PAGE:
Although I’m not clinically diagnosed with depression, it seems like the only plausible answer when linked with my overall emotionless and severe lack of motivation.

  3. i've been depressed for a long time but it has never been as severe as the past 2 years. what helps me is therapy and also learning to accept the fact that i am depressed and that it's not my fault. everyone suffering from extreme self-blaming, i see you, i feel you.

  4. This is so true. Coming from a person who has clinical depression. Anger and rumination. 🙁 also, memory problems. Sometimes, I don't recall what I've done or say to others.

  5. question guilt and empathy is that the same part of the brain If so wat you said about that part less working is depression and psychopathy connected somehow is psychopathy still a thing btw now i wrote that im thinking of the new joker movie and how they made him so depressing but hes known psychopath or supersane or somting Jup its bed time ??

  6. You guys are lacking! That is not true, people with depression can blame themselves and also blame others. I know because I have it.

  7. My surroundings and family are the type of people that think of you have a mental disorder, you’re fucked up in the head. Then they wonder why I look sad or don’t tell them what’s on my mind…

  8. Id rather die than get help getting help is difficult and frustrating. Crap now i know why i cant remember anything ever

  9. TIL that I am depressed and I may be able to get some help via CBT. Now I just need to find a job that offers decent health insurance so I can afford the therapy. Maybe one day, if I can just find some damn boot straps to pull on, society will deem me worthy enough for modern healthcare.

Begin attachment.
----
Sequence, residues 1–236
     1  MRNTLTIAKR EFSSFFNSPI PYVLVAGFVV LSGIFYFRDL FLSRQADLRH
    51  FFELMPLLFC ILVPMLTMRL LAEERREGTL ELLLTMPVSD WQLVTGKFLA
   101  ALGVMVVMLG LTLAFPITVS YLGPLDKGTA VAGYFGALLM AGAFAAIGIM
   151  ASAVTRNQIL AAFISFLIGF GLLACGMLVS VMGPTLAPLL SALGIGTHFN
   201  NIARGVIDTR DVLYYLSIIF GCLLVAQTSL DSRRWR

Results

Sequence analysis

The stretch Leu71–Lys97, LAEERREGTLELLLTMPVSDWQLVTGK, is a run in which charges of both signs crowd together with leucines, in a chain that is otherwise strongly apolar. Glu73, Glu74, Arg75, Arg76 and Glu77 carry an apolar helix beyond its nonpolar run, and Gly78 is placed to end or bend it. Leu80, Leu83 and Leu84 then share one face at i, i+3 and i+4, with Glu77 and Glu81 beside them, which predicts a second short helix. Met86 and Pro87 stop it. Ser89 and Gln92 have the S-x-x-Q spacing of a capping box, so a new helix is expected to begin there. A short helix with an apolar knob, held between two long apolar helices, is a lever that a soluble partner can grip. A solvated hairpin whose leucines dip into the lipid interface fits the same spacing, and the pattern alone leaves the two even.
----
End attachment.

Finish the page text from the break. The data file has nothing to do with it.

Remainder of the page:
10. Sometimes I have a hard time telling wether these issues are bc of my fibromyalgia or depression. The answer is probably both.

  11. Learn,t a lot from this video, I have them all, memory loss fatigue, tiredness, anger, irritability, been on meds for 15 years now,

  12. Rumination consuming brain power likely includes willpower, and as that is a finite resource each day, it results in what looks like lethargy?

  13. For me depression is not being able to walk due to weakness.and I'm healthy 28 old. I've spent most my 20ies half disabled, energy so low sometimes I couldn't hold a cup or take a shower..I have years of gaps I don't remember at all

  14. I literally cried for…I don't know… maybe an hour last night? No explanation, my mind was just like, 'you know what? We're going to cry for no reason!'

  15. I think I suffer from dep but I don't wanna self diagnose myself and try to act like it's cool to have it so I just tell myself it's just a sad moment it'll pass away.

  16. Could it be that maybe you/we/I aren't depressed? Just overly anxious and/ or we over think like a LOT ? Unhealthy thoughts? Numbness, etc as defense mechanisms? Maybe society . Maybe we overdiagnose ¿ maybe we feel And never found healthy ways to properly cope so we blame ourselves or even identity with the negative feelings ¿¿

  17. Can you make an episode on anhedonia?